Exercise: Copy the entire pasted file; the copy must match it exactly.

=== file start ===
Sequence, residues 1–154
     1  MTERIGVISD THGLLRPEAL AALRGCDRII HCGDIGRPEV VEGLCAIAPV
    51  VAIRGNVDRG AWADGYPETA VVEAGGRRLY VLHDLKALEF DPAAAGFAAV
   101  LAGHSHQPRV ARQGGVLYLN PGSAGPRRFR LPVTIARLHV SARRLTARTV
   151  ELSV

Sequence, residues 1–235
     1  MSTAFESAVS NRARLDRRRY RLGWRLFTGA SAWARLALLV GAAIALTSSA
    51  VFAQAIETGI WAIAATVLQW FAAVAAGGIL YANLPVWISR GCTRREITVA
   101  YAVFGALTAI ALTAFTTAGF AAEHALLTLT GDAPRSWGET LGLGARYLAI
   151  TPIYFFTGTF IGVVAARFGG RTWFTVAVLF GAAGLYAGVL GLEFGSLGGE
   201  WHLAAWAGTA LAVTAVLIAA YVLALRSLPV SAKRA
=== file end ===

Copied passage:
Sequence, residues 1–154
     1  MTERIGVISD THGLLRPEAL AALRGCDRII HCGDIGRPEV VEGLCAIAPV
    51  VAIRGNVDRG AWADGYPETA VVEAGGRRLY VLHDLKALEF DPAAAGFAAV
   101  LAGHSHQPRV ARQGGVLYLN PGSAGPRRFR LPVTIARLHV SARRLTARTV
   151  ELSV

Sequence, residues 1–235
     1  MSTAFESAVS NRARLDRRRY RLGWRLFTGA SAWARLALLV GAAIALTSSA
    51  VFAQAIETGI WAIAATVLQW FAAVAAGGIL YANLPVWISR GCTRREITVA
   101  YAVFGALTAI ALTAFTTAGF AAEHALLTLT GDAPRSWGET LGLGARYLAI
   151  TPIYFFTGTF IGVVAARFGG RTWFTVAVLF GAAGLYAGVL GLEFGSLGGE
   201  WHLAAWAGTA LAVTAVLIAA YVLALRSLPV SAKRA